But the available evidence suggests that our lawmakers would probably go much further to protect the middle and working classes if more of them came from those classes themselves. As I found in researching a forthcoming book, lawmakers from more affluent backgrounds tend to be stingy with social safety-net programs, flimsy with business regulations, weaken protections for workers and approve tax policies favoring the rich. Lawmakers from the working class tend to take the needs of American workers more seriously — even in the face of pressure from lobbyists, wealthy donors and extremist groups.
If our political institutions were made up of the same mix of classes as the people they represent, our lawmakers probably wouldn’t have shut down the government over a health care law. Our white-collar government comes at a high price, not just for the less fortunate, but for all of us.
It doesn’t have to be this way. Hard data suggest there are droves of talented, politically capable working-class Americans who would make great politicians. And when they run for office, they tend to do well. But many of these potential candidates are being screened out long before Election Day by practical barriers such as the difficulty of taking time off work to campaign or the high cost of running for public office.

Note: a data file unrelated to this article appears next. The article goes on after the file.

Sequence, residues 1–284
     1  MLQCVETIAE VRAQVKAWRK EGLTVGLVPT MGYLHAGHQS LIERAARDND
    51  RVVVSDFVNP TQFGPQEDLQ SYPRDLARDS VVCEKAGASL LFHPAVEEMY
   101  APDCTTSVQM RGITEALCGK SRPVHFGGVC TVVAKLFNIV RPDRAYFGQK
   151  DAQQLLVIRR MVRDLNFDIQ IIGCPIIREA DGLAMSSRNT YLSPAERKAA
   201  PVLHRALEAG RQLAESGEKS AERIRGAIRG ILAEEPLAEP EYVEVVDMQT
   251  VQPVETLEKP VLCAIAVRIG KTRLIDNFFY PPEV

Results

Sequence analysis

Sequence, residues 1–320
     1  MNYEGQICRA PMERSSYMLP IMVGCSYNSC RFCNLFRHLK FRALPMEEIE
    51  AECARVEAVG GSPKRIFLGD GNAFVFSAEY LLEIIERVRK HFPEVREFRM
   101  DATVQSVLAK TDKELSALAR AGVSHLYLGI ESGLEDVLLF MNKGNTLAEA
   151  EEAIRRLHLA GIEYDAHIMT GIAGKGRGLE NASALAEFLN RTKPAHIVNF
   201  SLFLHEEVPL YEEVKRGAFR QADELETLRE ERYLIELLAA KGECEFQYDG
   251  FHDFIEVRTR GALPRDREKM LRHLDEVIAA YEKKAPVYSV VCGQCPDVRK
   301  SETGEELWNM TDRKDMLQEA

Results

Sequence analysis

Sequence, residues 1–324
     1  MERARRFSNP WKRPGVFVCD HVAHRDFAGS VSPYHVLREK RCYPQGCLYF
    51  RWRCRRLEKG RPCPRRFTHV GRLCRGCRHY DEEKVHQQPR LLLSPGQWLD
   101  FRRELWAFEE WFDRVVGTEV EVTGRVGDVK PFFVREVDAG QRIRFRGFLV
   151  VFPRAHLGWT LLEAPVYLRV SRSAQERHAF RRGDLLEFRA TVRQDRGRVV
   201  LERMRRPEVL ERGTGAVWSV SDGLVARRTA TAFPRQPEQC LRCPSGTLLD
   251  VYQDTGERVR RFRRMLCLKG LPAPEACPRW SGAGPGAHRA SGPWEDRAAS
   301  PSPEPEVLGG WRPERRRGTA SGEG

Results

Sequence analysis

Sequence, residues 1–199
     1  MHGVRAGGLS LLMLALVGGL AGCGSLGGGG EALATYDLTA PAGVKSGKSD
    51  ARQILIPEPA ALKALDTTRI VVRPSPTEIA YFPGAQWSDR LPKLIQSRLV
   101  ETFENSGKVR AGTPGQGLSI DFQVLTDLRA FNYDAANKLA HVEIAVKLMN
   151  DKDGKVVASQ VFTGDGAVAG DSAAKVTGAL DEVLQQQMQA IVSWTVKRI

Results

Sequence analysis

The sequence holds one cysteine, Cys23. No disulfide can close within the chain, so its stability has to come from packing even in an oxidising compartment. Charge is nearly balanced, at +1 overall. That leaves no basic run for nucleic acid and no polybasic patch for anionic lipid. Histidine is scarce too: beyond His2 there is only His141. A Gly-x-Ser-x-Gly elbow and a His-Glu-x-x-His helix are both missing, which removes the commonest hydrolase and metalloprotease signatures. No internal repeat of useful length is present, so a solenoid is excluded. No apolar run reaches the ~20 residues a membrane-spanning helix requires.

On the up side, innovative programs to recruit and support middle- and working-class candidates are showing tremendous potential. In New Jersey, the AFL-CIO runs a Labor Candidates School; its graduates have won more than 700 state and local races. Pro-worker groups have recently launched similar programs all over the country. This year, Oregon, California, Nevada and Maine were all home to “campaign boot camps” for politically talented blue-collar workers.
Programs like these are some of the most promising new directions in the fight for government that represents the will of the people. But until they really take root -- until candidates from middle- and working-class backgrounds stop being the exception and start being the rule -- we’re going to be stuck with a white-collar government, one that can turn on a dime when big banks are in trouble but squabbles and struggles when funding for retirees, veterans and children is on the line.
Is it time to start electing more middle- and working-class people to political office? That depends: Are you happy with how millionaires are running our country?
Nicholas Carnes, an assistant professor of public policy at Duke University’s Sanford School of Public Policy, is author of the soon-to-be-published book “White-Collar Government: The Hidden Role of Class in Economic Policy Making.”